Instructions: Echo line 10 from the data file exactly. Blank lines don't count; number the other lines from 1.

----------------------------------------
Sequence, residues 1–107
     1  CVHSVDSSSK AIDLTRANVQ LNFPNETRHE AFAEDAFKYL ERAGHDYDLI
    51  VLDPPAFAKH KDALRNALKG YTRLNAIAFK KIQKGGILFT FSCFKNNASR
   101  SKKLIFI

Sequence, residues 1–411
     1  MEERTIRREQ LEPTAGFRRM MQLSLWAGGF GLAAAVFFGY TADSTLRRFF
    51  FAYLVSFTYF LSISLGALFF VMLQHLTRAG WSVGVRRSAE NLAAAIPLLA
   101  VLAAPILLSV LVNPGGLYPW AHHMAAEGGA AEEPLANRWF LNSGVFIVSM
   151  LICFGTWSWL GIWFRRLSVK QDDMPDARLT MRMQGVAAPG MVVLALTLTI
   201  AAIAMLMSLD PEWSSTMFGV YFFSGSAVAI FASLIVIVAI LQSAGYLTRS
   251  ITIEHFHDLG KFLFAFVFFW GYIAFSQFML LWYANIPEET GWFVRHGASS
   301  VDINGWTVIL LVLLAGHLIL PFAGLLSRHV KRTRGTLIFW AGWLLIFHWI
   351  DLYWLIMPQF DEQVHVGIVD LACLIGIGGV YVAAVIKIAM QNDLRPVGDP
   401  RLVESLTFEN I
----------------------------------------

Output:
   201  AAIAMLMSLD PEWSSTMFGV YFFSGSAVAI FASLIVIVAI LQSAGYLTRS